# Three bulbs are required to light a room. Out of 15 bulbs, 6 are defective. Probability that room will be lighted?

Here, I can have a total of $^{15}C_3$ combination of Bulbs.

Now, defective bulbs can be chosen like $^{6}C_3$ ways.

Therefore, the probability of room not getting lighted = $\frac{^{6}C_3}{^{15}C_3}$ = $\frac {4}{91}$

And probability of room getting lighted = 1 - $\frac {4}{91}$ = $\frac {87}{91}$

But,

why can't I do like this?

Now, good bulbs can be chosen like $^{9}C_3$ ways.

Therefore, probability of room getting lighted = $\frac{^{9}C_3}{^{15}C_3}$ = $\frac {12}{65}$

• Because 3 are required to lighten the room, you have calculated the probability of 3 defective bulbs not chosen. Oct 19, 2016 at 5:59
• There is an error in your reasoning i think. You don't have to pick all three defective bulbs to get the probability of room not getting lighted, just one is enough. Oct 19, 2016 at 6:00
• Oct 19, 2016 at 6:02
• @MaliMish, thanks for the comment. :) Yes in that case, the 1st method given tallies with the solution given in book. Because, I'm choosing all possible cases where all 3 bulbs will be defective and in the second case I'm not considering 1 or 2 bulbs being defective. I get it. But just having a final doubt, "3 bulbs are required" - is'nt this saying that all 3 are necessary ? Oct 19, 2016 at 6:11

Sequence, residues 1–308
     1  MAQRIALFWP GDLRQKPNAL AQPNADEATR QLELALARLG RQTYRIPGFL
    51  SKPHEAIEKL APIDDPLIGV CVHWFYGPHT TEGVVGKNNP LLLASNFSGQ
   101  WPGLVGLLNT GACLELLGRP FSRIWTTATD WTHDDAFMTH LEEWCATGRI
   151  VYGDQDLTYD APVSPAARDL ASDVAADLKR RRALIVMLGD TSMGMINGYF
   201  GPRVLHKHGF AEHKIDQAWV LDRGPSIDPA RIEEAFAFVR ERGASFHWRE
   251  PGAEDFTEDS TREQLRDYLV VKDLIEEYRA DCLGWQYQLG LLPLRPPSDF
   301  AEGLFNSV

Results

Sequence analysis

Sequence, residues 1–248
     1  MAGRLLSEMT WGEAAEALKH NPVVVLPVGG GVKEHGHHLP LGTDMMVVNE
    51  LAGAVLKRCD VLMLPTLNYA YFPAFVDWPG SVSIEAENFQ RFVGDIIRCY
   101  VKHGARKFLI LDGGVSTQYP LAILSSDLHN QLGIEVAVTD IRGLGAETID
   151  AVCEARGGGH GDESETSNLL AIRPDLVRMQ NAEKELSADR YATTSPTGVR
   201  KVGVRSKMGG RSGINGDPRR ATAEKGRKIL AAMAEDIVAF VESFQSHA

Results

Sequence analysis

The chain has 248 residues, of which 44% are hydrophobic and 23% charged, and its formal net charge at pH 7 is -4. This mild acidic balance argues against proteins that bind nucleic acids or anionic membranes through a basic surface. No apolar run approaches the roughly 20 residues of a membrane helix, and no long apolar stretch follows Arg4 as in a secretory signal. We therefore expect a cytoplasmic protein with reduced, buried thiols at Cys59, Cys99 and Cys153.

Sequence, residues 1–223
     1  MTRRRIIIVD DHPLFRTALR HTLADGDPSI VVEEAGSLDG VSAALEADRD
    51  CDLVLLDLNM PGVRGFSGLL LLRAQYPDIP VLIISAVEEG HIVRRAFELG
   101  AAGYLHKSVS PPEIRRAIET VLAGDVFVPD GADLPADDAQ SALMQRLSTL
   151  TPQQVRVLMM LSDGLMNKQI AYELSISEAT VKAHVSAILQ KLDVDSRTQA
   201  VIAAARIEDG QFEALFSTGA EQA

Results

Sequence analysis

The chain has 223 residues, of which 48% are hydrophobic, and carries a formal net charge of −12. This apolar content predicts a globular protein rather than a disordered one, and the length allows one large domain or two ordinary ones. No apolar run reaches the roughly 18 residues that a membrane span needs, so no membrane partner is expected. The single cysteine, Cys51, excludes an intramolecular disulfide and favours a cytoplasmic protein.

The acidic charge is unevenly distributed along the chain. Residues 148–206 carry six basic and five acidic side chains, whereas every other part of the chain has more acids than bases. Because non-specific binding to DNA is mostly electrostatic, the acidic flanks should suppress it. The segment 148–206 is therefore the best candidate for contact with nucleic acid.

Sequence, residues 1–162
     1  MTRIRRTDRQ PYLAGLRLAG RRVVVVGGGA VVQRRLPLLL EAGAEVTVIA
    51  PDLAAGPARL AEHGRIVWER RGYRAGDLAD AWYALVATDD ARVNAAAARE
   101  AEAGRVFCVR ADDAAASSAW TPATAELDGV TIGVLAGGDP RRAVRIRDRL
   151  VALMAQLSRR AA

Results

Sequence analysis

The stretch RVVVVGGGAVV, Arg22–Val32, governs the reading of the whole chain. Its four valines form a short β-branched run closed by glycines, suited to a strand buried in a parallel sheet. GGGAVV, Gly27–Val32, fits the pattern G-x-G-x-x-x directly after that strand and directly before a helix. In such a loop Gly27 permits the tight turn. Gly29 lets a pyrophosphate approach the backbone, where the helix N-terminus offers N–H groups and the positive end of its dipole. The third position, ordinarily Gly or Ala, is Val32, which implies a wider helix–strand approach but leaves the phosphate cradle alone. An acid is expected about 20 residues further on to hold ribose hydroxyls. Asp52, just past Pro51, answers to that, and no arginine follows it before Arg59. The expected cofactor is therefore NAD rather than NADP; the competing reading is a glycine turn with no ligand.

• @Apy Yes, all three are required. Check my answer. Oct 19, 2016 at 6:12

First part of the answer is incorrect. Room is not getting lighted if at least one bulb is defective, not all three. Therefore, probability of room not getting lighted is:

$\dfrac{^6C_1\cdot ^9C_2+^6C_2\cdot ^9C_1+^6C_3}{^{15}C_3}=\dfrac{53}{65}$

Explanation:

Pick one defective bulb + 2 working bulbs or 2 defective bulbs + one working bulb or 3 defective bulbs. All these events lead to at least one defective bulb out of three and therefore room will not be lighted.

• And just like that 1 - $\frac{53}{65}$ = $\frac{12}{65}$, probability of the room getting lighted. Oct 19, 2016 at 6:32
• Thanks for the answer. :) Fancy, books confuse so much.. :p Oct 19, 2016 at 6:33
• Glad I could help :) Oct 19, 2016 at 6:34

Therefore, I probability of room not getting lighted = $\frac{^{6}C_3}{^{15}C_3}$ = $\frac {4}{91}$

No, this is the probability of choosing $0$ functional light bulbs.

The room will not get lighted with $1$ or $2$ functional light bulbs either.

You need to calculate the probability of choosing $3$ functional light bulbs.